Tickell has an extensive source base and employs visual aids to present her large data sets. She surrounds her graphs and charts with passages from the Old Bailey and Northern Circuit Assize Court Records. This combination allows the reader to penetrate the larger patterns that Tickell substantiates with her meta-analysis. The passages correlate well with the graphs, layering the specific and general together rendering the arguments comprehensible. The book’s arguments are easy to follow due to the chapters’ framework and the presentation of this evidence.

This book might have benefited from a greater explanation of the relevance of modern criminology to the eighteenth century. Tickell, in the introduction, states that modern criminology cannot be “transplanted wholesale” but modern criminology theories “offer concepts and approaches for better understanding of the phenomenon of eighteenth-century shoplifting” (p. 13). Tickell, however, does not explain fully how she applies modern methodology thoughtfully to eighteenth-century situations. What makes this theory particularly useful for analyzing shoplifting? I am not contesting the utility of modern criminology, but Tickell could have laid out in greater detail the relevance of modern criminology and her application of it. In chapter 3, for example, she provides a good explanation of what Routine Activity Theory is—that it helps examine patterns of behavior—but does not explain why this theory is suited for the eighteenth-century or if she needed to adjust it to an eighteenth-century world.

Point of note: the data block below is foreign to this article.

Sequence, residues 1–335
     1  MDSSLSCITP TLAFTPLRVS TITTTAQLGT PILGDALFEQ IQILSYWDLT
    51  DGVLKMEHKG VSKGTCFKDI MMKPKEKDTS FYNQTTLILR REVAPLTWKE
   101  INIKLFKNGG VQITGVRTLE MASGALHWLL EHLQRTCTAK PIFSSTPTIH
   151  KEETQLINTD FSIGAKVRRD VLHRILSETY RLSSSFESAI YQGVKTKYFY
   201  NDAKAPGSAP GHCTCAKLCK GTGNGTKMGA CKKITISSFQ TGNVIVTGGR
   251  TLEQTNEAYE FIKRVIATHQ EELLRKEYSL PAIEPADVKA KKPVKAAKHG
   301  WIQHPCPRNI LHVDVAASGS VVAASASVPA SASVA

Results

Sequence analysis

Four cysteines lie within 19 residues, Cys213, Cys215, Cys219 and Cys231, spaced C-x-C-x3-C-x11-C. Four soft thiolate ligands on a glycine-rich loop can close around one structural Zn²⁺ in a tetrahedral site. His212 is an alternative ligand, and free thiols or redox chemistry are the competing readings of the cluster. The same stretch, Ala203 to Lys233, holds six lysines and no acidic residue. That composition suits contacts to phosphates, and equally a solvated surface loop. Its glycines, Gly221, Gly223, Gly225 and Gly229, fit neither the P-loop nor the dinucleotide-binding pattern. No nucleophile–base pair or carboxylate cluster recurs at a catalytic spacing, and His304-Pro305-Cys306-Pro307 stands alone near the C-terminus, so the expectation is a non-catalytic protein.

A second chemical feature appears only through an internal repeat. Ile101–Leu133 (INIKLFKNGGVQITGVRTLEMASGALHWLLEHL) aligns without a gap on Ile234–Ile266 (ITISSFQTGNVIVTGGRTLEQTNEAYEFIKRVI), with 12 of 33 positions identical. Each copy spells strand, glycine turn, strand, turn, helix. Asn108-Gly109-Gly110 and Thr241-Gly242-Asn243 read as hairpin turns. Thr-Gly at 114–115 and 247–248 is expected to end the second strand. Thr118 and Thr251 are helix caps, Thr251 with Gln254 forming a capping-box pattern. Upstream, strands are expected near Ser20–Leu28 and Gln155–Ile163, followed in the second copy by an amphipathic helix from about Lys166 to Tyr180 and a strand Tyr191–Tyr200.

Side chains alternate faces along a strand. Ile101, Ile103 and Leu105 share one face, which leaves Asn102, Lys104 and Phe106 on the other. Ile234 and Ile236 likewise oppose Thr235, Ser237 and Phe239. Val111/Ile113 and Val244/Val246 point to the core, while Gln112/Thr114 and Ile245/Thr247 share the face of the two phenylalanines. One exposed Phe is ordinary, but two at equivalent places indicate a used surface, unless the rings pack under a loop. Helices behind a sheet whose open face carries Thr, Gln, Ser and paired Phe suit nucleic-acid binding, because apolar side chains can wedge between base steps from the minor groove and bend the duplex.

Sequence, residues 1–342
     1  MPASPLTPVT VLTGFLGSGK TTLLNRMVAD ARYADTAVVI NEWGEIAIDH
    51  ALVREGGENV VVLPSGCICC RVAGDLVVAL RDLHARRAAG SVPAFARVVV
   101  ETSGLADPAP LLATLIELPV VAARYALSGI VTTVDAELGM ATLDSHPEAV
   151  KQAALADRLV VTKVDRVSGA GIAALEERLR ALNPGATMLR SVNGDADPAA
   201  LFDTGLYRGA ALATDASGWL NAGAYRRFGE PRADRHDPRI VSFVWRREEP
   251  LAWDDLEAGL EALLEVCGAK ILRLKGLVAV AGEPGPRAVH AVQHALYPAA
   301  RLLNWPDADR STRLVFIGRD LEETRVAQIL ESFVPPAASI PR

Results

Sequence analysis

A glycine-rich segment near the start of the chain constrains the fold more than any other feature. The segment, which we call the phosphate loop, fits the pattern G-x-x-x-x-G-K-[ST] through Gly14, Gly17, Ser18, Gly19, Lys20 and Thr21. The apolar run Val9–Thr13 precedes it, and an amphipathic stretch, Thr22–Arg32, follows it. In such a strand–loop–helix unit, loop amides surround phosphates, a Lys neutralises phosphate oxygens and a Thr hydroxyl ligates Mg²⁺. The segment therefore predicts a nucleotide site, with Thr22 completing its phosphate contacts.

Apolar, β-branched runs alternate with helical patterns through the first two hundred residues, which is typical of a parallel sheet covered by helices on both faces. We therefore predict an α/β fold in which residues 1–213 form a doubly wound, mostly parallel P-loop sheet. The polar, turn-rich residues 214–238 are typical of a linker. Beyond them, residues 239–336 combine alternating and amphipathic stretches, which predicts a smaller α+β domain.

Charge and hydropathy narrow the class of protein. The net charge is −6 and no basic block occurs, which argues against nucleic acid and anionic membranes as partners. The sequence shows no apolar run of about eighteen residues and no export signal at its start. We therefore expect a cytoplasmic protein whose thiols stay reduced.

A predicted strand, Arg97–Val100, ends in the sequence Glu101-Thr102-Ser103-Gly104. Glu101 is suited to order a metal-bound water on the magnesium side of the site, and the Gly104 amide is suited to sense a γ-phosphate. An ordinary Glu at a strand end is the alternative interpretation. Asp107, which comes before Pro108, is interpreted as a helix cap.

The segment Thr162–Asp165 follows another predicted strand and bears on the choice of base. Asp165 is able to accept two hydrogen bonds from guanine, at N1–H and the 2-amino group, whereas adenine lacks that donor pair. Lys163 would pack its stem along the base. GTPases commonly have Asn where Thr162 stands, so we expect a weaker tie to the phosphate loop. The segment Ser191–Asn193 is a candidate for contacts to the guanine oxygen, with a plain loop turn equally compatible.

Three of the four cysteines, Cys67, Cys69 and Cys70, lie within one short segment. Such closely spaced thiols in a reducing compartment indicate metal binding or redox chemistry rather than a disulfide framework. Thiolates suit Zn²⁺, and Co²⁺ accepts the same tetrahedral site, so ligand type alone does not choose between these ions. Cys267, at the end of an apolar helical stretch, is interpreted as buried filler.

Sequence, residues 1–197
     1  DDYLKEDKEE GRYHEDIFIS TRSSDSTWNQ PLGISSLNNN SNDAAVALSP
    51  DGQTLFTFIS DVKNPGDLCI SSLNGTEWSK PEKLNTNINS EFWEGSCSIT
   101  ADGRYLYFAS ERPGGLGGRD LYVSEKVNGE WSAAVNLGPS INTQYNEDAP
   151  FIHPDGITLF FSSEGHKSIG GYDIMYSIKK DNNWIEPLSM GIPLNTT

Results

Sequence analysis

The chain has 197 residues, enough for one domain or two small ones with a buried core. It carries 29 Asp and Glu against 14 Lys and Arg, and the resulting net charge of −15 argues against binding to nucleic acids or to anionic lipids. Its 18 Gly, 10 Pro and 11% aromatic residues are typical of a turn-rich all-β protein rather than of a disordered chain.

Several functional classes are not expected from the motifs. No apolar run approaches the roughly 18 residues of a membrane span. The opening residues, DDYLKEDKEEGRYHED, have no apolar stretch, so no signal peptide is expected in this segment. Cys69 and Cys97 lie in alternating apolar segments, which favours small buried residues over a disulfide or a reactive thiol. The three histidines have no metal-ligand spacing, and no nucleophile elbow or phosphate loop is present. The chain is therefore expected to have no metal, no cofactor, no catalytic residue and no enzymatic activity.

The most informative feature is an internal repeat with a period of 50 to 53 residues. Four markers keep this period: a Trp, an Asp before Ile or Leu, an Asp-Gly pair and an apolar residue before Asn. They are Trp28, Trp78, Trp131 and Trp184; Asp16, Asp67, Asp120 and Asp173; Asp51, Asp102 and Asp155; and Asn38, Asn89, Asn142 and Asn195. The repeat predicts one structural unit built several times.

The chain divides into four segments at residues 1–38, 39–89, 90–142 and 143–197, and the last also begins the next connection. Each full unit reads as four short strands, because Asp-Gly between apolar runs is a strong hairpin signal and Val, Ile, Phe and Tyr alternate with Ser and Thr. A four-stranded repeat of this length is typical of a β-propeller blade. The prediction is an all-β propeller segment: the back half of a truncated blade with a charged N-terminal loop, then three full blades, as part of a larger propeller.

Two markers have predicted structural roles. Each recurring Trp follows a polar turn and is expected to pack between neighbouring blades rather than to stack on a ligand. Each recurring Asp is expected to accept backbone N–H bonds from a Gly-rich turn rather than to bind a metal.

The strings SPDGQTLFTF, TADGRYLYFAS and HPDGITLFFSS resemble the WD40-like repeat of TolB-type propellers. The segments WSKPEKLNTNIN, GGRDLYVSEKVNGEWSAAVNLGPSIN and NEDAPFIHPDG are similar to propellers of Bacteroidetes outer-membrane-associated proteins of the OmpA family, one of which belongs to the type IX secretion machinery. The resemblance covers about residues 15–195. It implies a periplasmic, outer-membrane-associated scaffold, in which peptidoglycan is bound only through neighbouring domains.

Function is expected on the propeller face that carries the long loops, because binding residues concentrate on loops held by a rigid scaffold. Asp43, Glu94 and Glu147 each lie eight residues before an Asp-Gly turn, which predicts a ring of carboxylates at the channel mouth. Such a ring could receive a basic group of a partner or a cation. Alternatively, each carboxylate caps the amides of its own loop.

In the introduction and within each chapter, Tickell engages with relevant literature, but she could have presented more forcefully the significance and importance of her contribution. The holistic structure of Tickell’s analysis is a substantial contribution to the field in content and method. The conclusion details how unique the argument on retailers’ attitudes toward shoplifting is, but she could have more strongly underlined this originality from the start.

While Tickell’s analysis challenges the approach to property crime, it supplements work like Beverly Lemire’s on the economy of makeshifts.[1] Tickell demonstrates how shoplifting served as one method of subsistence for the poor. However, she moves away from other arguments within the history of consumption. She complicates John Styles’s argument in The Dress of the People: Everyday Fashion in Eighteenth-Century England (2007) that shoplifting was the means by which fashions spread to the lower ranks. We learn that it was not the elite stores that suffered the most but those with “modest” goods. Shoplifting did help transmit “new styles and textiles within plebeian communities,” but Tickell argues that “crime reflected, rather than propelled, the pace of acquisition of new consumables by the poor” (p. 9). Shoplifting in Eighteenth-Century England makes a substantial contribution to the historiographies on property crime and consumption in a highly readable and enjoyable format.


[1]. Beverley Lemire, “The Theft of Clothes and Popular Consumerism in Early Modern England,” Journal of Social History 24, no. 2 (1990): 255-76; and Beverley Lemire, “Peddling Fashion: Salesmen, Pawnbrokers, Taylors, Thieves, and the Second-Hand Clothes Trade in England, c. 1700-1800,” Textile History 22, no. 1 (1991): 67-82.

Citation: Esther Brot. Review of Tickell, Shelley, Shoplifting in Eighteenth-Century England. H-Albion, H-Net Reviews. June, 2020. URL: